When you listen to golf geeks talk about the Masters, it’s like the Masters is the SuperBowl, the World Series and the Final Four all wrapped into one. I just picked up the game of golf a couple years ago. I’m not a golf geek by any stretch of the imagination, but I have spent some time watching the top pros truly hit the ball with the grace of a ballerina. I have a couple of thoughts going into the opening round of the 77th Masters:
There is a certain amount of randomness in golf. No matter how good you are, sometimes it is the little things that really help set you apart. A perfect shot can hit a small rock or ridge which can kick your ball into the woods or a couple feet closer to the hole. There is no way to see or plan for this. It just happens. Whoever has their mojo working has a real edge.
Tiger Woods has to have a clear advantage. He has won three times already this year. If he starts out hot he could be trouble. He has to control his driver and continue to putt lights out.
Rory McIlroy – It depends. He could be great or just average.
Phil Mickelson – Who knows? Phil is either on or off. If Phil is on his game he will be hard to beat.
Brandt Snedeker – Was playing some of the best golf at the beginning of the season, but… He got hit and hasn’t played that well since his return from injury.
Justin Rose, Lee Westwood, Dustin Johnson, Adam Scott and Bubba Watson – all have the game to win. Can they put together four strong rounds?
There are tons of things that I don’t understand about our political process. One of the most confusing is the the caucus. In essence, these caucuses provide an opportunity to waste an enormous amount of time for actually no benefit. Notice that the caucuses in Missouri and Maine are not binding. Therefore, the delegates can go to the convention and vote for anyone they want. What’s the point?
Late Saturday night, we found out that Mitt Romney had a narrow victory over Ron Paul. There was some head scratching. It didn’t seem to make any sense. As a matter of fact, this whole GOP primary doesn’t make any sense, but I’m jumping ahead of myself. Why did Ron Paul do so well in Maine? On the other hand, why did Romney do so poorly? Over the last several days, other questions have arisen. In several cities and towns where Americans went and legally caucused, stood in line and registered their votes, for some reason, votes have not been counted. One county had a large amount of snowfall and was granted permission to hold their election this week. They got an official okay from the state Republican Party. Now, they find out that their votes will not to be counted in the overall tally.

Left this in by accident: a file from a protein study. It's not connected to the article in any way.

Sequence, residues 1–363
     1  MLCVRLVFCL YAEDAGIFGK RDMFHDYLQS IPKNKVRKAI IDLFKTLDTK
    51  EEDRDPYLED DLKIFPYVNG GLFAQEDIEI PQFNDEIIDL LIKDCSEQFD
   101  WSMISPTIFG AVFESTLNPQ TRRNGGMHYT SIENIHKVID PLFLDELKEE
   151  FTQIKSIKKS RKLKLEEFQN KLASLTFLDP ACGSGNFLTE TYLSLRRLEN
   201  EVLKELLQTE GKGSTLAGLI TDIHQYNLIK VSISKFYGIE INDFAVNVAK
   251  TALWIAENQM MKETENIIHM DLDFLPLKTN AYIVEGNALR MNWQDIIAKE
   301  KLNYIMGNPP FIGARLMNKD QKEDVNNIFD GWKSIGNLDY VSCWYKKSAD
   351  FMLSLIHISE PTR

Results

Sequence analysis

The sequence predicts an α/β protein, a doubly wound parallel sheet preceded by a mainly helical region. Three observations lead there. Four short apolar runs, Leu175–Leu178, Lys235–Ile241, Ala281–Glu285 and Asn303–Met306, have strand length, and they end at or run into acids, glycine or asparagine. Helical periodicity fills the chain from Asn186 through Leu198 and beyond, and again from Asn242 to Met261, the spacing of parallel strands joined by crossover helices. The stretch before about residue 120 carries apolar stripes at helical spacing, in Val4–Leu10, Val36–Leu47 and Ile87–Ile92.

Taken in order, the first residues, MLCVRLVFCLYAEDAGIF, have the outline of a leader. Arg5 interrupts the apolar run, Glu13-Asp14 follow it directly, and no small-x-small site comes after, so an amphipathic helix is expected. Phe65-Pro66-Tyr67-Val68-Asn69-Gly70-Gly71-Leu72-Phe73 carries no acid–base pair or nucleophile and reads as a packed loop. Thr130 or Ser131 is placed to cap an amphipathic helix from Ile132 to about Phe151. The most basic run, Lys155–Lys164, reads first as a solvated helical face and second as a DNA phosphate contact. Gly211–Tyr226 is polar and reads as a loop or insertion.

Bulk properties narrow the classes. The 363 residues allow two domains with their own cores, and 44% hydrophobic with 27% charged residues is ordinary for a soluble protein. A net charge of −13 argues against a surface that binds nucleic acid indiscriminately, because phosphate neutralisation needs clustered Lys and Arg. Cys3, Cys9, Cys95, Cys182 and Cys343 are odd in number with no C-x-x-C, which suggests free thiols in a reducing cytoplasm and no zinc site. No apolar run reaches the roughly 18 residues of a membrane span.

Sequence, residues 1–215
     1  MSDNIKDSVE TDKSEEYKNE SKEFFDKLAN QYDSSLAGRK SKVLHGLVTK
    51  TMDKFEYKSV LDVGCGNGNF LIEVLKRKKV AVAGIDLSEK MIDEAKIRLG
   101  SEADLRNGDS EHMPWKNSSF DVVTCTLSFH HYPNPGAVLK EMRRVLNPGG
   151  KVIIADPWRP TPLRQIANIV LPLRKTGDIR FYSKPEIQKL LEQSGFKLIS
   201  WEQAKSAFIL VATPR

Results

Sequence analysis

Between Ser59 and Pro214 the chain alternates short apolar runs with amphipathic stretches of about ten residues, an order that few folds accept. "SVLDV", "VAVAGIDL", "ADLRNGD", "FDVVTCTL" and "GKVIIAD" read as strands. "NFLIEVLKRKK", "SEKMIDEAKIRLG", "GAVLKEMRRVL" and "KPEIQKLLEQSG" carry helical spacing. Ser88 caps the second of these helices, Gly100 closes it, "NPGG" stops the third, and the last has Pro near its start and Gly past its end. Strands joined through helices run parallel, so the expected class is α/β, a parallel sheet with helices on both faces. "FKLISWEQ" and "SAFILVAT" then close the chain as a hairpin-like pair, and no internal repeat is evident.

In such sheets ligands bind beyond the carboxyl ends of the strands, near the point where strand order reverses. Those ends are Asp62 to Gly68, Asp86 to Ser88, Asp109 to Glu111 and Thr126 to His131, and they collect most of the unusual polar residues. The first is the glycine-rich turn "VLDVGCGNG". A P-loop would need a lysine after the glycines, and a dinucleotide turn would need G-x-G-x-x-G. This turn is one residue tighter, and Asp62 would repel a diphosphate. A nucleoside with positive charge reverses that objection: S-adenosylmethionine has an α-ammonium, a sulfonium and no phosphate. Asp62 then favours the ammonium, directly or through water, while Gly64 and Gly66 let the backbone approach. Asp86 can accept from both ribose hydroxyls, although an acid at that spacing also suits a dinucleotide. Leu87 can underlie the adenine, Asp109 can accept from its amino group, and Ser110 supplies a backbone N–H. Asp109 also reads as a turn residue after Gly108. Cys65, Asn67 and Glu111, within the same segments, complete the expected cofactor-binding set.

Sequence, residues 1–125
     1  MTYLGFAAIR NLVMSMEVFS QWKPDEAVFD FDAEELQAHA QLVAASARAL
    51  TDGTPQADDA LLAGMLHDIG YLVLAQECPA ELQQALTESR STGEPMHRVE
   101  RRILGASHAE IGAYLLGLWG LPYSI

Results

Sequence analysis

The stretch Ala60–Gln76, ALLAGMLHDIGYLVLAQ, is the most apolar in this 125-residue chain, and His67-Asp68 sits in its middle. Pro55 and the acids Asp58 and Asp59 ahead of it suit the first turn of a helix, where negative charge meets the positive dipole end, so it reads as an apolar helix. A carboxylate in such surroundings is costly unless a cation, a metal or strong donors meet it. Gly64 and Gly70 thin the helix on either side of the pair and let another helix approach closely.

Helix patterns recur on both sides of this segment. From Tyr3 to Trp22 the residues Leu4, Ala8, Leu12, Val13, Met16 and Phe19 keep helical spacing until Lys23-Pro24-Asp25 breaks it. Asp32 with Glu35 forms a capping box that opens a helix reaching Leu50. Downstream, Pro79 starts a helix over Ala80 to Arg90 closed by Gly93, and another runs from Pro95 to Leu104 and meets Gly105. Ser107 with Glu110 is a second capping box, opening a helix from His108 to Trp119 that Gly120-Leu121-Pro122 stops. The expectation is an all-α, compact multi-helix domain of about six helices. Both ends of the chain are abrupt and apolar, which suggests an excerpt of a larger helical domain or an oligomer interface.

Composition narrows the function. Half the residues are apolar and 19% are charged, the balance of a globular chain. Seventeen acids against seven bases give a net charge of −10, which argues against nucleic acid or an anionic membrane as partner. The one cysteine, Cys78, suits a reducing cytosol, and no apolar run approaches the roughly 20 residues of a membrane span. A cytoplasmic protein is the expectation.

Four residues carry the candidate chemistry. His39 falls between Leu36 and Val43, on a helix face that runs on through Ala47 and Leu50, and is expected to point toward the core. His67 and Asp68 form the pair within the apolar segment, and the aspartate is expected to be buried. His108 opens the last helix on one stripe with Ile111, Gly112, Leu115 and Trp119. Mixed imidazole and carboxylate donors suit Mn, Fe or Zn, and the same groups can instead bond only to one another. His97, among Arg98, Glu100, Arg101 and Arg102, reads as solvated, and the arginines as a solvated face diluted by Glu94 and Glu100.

With the questions about Maine and the complete three-ring circus that was the Iowa Republican caucus, there is a negative light cast not only on the Republican Party, in specific, but on the American electoral process, in general. It is hard for me to imagine that Republicans are that much worse at counting votes than are Democrats. Why do we have so much variation between how caucuses are run? How does the state choose between a caucus and a primary? It seems to me that the sheer randomness of how any given state chooses to do things is wholly inefficient. I just don’t see how this is good for the American people. Whether you’re Republican, Democrat, Libertarian, environmentalist (Green party), Independent or whatever, I just don’t see how this arbitrary craziness is truly going to represent our votes in the end.
What are your thoughts?
Update: Just to add fuel to the fire, the executive committee of the Maine GOP met on 2/16 and released the following statement – We are morons and we’re sorry that we screwed everything up. Oh, no, I’m sorry. That’s my translation of their statement. Here’s their real statement.
“We have worked diligently to contact town chairmen throughout Maine to reconfirm the results of their individual caucuses. These totals once confirmed will be posted on the Maine Republican Party Web site.
All Republicans are keenly aware of the intense interest in the results of the Maine Republican Party Presidential Preference Poll. In fact, I have had numerous conversations with Senate President Kevin Raye and Washington County Commissioner Chris Gardner regarding their concerns that the Washington County poll results be included in our final tally. As a result of these conversations I called a meeting of the Executive Committee to discuss this matter.
The results of the Washington County caucus will be reviewed at the March 10 Republican State Committee Meeting. The Executive Committee voted unanimously to recommend to the State Committee that they include the results in the final tally for the Presidential Preference Poll as their caucus had been scheduled to occur by the February 11 deadline, however it was postponed due to inclement weather. ”